Google to use geolocation data to block Right To Be Forgotten links around the world


Google is updating its approach to delisting search results in Europe under the Right To Be Forgotten. At the moment, people are able to request that search results do not link to articles that are "inadequate, irrelevant, no longer relevant or excessive, and not in the public interest" but there have been ways for searchers to bypass these delistings.

While Google may remove a search result from all European Google domains, there's nothing to stop people from using non-European versions of the search engine to access otherwise-hidden data. Starting next week, Google is going to start using geolocation data to crack down on this practice.

Google says that it has been engaged in discussions with regulators since the Right To Be Forgotten ruling. The company believes that its new approach will enable it to comply with the letter of the law in Europe while not standing in the way of people in other parts of the world to access information through searches.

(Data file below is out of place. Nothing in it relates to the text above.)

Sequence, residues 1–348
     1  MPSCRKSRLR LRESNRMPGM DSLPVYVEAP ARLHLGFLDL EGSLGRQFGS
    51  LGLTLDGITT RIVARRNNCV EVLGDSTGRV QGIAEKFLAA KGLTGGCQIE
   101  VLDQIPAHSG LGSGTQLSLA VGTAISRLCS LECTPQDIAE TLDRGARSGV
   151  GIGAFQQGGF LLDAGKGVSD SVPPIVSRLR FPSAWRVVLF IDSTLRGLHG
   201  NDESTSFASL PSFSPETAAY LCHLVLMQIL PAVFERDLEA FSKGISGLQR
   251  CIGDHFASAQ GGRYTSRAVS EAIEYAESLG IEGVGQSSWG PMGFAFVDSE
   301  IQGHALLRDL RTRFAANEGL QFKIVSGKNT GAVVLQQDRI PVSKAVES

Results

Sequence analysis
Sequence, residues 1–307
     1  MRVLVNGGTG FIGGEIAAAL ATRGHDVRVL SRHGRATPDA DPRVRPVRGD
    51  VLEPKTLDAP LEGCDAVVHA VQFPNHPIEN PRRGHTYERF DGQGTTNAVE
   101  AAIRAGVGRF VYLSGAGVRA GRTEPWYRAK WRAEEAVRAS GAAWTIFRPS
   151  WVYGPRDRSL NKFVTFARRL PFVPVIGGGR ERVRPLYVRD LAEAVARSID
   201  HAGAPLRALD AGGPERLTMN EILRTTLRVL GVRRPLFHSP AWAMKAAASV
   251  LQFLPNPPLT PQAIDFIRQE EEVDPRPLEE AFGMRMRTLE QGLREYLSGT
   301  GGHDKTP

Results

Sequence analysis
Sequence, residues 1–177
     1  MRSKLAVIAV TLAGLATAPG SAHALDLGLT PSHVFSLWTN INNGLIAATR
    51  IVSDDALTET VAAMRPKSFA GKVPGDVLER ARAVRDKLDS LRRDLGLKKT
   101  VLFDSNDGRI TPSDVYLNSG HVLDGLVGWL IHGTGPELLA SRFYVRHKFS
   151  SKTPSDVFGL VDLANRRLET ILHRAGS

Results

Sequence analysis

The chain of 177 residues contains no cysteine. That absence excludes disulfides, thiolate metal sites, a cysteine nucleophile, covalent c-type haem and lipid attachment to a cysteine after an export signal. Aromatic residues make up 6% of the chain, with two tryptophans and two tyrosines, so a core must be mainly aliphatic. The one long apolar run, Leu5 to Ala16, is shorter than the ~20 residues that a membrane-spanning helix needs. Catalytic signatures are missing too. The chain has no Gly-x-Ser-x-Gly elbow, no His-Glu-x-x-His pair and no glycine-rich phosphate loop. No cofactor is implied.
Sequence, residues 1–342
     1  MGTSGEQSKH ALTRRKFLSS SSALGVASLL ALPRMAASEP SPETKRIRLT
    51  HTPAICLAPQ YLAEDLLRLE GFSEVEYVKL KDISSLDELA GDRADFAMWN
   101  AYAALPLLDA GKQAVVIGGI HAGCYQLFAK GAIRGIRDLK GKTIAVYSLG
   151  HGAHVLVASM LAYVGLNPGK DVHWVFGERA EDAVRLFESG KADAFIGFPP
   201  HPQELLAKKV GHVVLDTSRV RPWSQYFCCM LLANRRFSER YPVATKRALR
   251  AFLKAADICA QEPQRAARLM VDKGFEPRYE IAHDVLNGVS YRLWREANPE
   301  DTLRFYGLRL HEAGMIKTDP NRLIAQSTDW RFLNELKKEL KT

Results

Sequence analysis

Starting next week, in addition to our existing practice, we will also use geolocation signals (like IP addresses) to restrict access to the delisted URL on all Google Search domains, including, when accessed from the country of the person requesting the removal. We’ll apply the change retrospectively, to all delistings that we have already done under the European Court ruling.

So for example, let’s say we delist a URL as a result of a request from John Smith in the United Kingdom. Users in the UK would not see the URL in search results for queries containing [john smith] when searching on any Google Search domain, including Users outside of the UK could see the URL in search results when they search for [john smith] on any non-European Google Search domain.

The Right To Be Forgotten ruling has proved controversial in a number of ways. Those opposed to it say that access to information should be unrestricted while supporters have complained that it does not go far enough to protect the privacy of individuals. The latest announcement should go some way to calming the concerns of those who fall into the latter camp.

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